Dry Vietnam areas can access anti-drought ponds.

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    Nov 3, 2023

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UNDP announced giving over 1,500 anti-drought ponds to central Vietnam regions.


According to a report by UNDP, the establishment of ponds in various provinces of Vietnam including Dak Lak, Dak Nong, Khanh Hoa, Ninh Thuan, and Binh Thuan, serves as an integral component of a larger project aimed at enhancing the ability of small-scale agricultural production to withstand water-related challenges caused by climate change. This initiative specifically addresses the regions of the Central Highlands and southern parts of central Vietnam.

The objective of this project is to construct and improve 260 ponds that are resilient to climate change, in addition to supporting the implementation of more than 2,300 water-efficient irrigation systems. Moreover, it aims to provide training to approximately 6,000 families on agricultural practices for adapting to climate change.

In Dak Lak's Krong Pac and Ea Kar districts, a significant project has successfully constructed 70 ponds, boasting an impressive combined capacity of over 60,000 m3. These meticulously built ponds are strategically designed to cater to an expansive irrigation area spanning over 52 hectares.

According to a statement by the UNDP, it is anticipated that the ponds will assist in fulfilling the water requirements for farming during the driest months of the year. In Dak Lak, there is an expectation of water scarcity in various regions from December to March of the upcoming year, with surface water sources projected to only meet 40% of the overall water demand.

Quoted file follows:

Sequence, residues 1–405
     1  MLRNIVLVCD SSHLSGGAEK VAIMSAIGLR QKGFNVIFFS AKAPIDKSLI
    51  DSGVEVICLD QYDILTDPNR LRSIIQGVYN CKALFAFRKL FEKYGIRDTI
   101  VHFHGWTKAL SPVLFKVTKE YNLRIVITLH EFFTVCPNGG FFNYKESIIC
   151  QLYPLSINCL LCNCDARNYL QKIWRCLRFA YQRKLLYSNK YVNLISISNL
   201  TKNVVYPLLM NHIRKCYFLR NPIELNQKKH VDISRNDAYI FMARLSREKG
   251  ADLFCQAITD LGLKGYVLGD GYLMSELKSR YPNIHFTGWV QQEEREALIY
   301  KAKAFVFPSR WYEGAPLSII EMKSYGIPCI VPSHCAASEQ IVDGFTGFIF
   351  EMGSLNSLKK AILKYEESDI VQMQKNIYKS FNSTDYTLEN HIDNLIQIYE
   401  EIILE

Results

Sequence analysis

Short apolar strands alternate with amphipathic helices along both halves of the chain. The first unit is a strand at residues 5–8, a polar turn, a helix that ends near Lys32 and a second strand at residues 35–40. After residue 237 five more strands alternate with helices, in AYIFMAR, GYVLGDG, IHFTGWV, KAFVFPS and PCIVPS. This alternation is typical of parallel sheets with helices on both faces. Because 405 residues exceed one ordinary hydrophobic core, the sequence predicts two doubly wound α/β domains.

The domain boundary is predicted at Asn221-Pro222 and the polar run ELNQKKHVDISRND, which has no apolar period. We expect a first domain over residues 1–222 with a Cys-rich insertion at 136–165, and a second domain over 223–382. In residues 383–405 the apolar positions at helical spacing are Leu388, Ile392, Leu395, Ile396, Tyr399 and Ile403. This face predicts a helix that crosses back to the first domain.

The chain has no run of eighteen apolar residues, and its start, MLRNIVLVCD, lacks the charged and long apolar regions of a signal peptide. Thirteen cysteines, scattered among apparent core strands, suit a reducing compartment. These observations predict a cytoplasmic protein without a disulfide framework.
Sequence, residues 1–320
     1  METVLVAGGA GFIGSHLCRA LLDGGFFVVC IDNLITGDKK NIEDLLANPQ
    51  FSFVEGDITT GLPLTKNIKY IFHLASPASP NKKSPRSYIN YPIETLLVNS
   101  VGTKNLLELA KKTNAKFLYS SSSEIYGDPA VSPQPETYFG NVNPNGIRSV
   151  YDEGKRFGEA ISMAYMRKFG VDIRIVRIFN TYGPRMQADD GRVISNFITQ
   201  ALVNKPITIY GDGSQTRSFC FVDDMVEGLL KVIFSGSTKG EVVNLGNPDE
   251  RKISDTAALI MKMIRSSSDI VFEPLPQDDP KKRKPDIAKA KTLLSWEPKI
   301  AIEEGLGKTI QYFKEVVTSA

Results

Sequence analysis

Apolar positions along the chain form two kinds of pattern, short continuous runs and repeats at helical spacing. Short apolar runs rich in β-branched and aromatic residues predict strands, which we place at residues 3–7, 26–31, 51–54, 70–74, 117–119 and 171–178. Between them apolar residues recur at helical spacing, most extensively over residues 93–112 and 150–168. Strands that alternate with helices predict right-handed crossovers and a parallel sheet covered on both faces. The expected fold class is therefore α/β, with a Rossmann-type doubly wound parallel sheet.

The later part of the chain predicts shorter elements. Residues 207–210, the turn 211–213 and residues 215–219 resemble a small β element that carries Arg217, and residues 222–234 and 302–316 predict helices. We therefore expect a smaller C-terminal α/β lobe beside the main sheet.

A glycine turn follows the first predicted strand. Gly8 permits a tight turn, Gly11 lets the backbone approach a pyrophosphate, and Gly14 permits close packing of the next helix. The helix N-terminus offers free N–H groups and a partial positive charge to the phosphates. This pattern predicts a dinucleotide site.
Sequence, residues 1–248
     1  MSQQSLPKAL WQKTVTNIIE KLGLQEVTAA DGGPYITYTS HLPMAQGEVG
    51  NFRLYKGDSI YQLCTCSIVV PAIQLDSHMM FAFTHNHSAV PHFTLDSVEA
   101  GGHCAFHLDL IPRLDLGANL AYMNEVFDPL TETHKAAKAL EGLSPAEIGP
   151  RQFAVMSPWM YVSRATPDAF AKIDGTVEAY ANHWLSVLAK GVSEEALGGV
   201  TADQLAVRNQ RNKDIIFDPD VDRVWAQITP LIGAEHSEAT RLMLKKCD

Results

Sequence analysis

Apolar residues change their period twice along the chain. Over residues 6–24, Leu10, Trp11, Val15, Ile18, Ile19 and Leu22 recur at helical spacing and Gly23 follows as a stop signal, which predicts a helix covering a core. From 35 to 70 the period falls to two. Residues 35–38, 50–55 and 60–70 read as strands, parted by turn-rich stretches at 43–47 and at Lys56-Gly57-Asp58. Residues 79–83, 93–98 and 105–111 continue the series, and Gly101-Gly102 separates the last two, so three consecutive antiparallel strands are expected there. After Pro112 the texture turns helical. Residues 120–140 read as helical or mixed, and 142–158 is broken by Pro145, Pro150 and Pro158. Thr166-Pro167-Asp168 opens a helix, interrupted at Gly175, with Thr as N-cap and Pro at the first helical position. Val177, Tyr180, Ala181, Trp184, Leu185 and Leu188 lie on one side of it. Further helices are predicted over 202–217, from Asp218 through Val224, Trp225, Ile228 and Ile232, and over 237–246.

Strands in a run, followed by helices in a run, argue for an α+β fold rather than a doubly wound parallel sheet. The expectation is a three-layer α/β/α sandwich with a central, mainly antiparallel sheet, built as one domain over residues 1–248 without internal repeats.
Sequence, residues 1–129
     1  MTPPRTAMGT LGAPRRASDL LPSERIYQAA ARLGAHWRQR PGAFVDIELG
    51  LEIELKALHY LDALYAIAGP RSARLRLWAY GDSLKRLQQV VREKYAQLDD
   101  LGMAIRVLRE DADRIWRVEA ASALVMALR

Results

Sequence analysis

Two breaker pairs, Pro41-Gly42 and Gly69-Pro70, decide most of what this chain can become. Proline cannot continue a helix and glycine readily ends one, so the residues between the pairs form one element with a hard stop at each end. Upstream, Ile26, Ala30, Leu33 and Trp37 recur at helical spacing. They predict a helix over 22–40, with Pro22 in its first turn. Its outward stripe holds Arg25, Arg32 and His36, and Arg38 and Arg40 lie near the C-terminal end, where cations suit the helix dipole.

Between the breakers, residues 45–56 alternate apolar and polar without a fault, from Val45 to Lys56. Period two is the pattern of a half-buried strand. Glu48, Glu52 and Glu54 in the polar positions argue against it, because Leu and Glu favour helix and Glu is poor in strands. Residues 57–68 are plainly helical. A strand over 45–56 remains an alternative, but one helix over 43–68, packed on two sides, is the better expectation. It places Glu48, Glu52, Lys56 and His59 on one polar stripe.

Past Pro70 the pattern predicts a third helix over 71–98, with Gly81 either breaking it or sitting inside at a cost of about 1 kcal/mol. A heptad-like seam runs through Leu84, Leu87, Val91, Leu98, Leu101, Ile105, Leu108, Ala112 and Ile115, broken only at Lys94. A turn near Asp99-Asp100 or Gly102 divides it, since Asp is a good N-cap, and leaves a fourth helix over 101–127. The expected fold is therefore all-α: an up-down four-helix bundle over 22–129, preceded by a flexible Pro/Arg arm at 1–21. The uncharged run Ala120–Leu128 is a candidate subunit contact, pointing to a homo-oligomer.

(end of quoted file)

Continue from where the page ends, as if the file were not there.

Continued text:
According to Nguyen Hoai Duong, the director of the Dak Lak Department of Agriculture and Rural Development, the project is extremely beneficial. This is particularly significant due to the increasing water shortages in the province, despite the authorities' continuous efforts to address this issue through the construction and enhancement of irrigation projects.

According to statistics gathered from the Dak Lak agricultural field, by the conclusion of March, more than 1,300 hectares of rice and other crops were experiencing water shortages. Additionally, in subsequent periods, approximately 160,000 hectares of coffee, durians, peppers, macadamias, and various fruit trees were also in need of sufficient water supply.

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